“In evaluating AMI, we are primarily concerned with the functionality needs of REV, and the most efficient way of meeting them. Several parties identified AMF (advanced metering functionality) as an alternative way to analyze the issue, and we concur. It is possible that the desired functionalities can be met more effectively or less expensively than by universal adoption of AMI.”
“It is clear that some form of advanced metering will be needed to implement REV. … At a minimum, each utility DSIP [Distributed System Implementation Plan] will need to include a plan for dealing with advanced metering needs; however, plans that involve third party investment may be preferred over sweeping ratepayer funded investments. AMI/AMF is an implementation issue, and we will consider AMI/AMF proposals with factual records developed on a case-by-case basis, taking into account, among other factors, functionality, claimed costs and benefits, the potential for market animation by the provision of an open platform, the opportunity to mitigate costs to the utility by its ability to collect fees, and the recommendations of the Market Design Platform Technology group.”
“Further, our public statement hearings showed that some customers are skeptical of the need for AMI, and some are concerned about potential health effects. Customer optionality is preferred where possible in a REV approach. The installation and use of AMI may be an example where customers could choose to pay for an alternative method of serving the function, or could choose to forego the benefits of participation. The MDPT group’s work plan will provide for a detailed description of advanced metering functionality features necessary for enabling DSP markets.”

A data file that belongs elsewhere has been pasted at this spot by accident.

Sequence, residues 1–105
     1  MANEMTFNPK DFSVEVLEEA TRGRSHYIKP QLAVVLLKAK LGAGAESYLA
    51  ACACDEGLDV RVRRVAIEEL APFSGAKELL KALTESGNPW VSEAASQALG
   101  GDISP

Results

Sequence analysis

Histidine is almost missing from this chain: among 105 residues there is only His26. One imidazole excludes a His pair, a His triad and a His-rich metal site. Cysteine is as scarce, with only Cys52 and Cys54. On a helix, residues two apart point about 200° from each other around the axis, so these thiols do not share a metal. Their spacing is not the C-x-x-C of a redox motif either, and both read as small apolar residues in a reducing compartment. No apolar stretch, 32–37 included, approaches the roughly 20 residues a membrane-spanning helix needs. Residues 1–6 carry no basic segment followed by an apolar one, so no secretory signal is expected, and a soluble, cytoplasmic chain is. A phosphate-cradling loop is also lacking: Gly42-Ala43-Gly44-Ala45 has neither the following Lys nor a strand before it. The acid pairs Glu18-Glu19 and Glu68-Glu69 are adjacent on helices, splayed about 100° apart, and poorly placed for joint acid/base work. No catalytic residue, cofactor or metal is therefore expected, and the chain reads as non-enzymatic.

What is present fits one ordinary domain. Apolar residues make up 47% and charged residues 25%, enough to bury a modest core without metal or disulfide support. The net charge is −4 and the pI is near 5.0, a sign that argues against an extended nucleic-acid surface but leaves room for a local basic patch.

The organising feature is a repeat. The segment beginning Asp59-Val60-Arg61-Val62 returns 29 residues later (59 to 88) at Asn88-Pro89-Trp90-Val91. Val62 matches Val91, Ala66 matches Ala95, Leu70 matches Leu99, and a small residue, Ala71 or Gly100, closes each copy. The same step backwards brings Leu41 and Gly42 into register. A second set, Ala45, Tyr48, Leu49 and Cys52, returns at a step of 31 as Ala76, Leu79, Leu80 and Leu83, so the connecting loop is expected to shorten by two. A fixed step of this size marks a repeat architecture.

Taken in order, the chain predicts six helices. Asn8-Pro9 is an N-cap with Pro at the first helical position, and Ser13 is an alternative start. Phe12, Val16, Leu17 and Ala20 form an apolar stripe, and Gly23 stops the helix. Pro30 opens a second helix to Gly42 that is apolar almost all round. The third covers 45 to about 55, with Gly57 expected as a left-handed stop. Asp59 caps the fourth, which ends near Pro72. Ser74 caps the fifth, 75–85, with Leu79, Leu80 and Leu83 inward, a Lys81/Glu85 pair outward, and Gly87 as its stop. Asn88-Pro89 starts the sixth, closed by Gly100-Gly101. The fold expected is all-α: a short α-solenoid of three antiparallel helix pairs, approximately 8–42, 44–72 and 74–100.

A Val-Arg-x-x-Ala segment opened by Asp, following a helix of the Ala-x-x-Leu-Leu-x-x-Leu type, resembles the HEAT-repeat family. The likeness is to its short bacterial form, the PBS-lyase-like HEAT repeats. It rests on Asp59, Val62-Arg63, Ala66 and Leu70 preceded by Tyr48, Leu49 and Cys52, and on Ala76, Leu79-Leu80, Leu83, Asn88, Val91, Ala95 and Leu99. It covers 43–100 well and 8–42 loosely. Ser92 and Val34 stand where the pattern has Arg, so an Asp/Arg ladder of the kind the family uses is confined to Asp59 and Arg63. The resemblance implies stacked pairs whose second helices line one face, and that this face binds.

The MDPT Working Group Final Report, Customers, and Smart Meters [Reference 2]
Provided below are selected quotations from the MDPT Working Group final report that pertain to customer participation in REV and a discussion of advanced metering (or smart meters).
“Customers are extremely diverse in terms of their electricity market knowledge and their ability and desire to stay at the cutting edge of technological adoption curve. As a small, but increasing, section of these participants may move from being passive consumers to active ‘prosumers,’ the future marketplace needs to be able to accommodate all customers despite their inherent diversity.
Not all of these customers will be able or interested to fully participate or benefit from programs that are centered around and enabled by technologies such as smart thermostats, energy management systems, distributed storage (DS) and generation. Therefore, regulators may consider a toolkit of resources, which may include incentives, adjusting the pace of deployment, and preserving customer choice to cater to needs of the early adopters, while also ensuring that the ‘late adopters’ are not penalized in the REV future.”
“Investment options to enable new functions and capabilities for grid modernization inevitably involve trade-offs between cost and the degree of operational benefit of those options. Initial costs associated with the range of platform technology options that could enable DSP functionalities must be evaluated in light of their operational benefits, total system costs, and the costs borne by customers and different customer segments. While more sophisticated and exacting technology solutions may yield robust operational benefits and optimize performance, these options may prove unwarranted from an initial and total cost perspective.”
“[T]he highest priority need for advanced metering deployment … is where there is a DER provider or customer actively participating in DSP markets.”
“Any other broad-based advanced metering deployment beyond the scope of the recommendations included in this report will necessitate a business case analysis by the utility and subsequent Commission review and approval.”
“Certain small DERs, such as residential rooftop PV systems, may not require advanced metering capability.”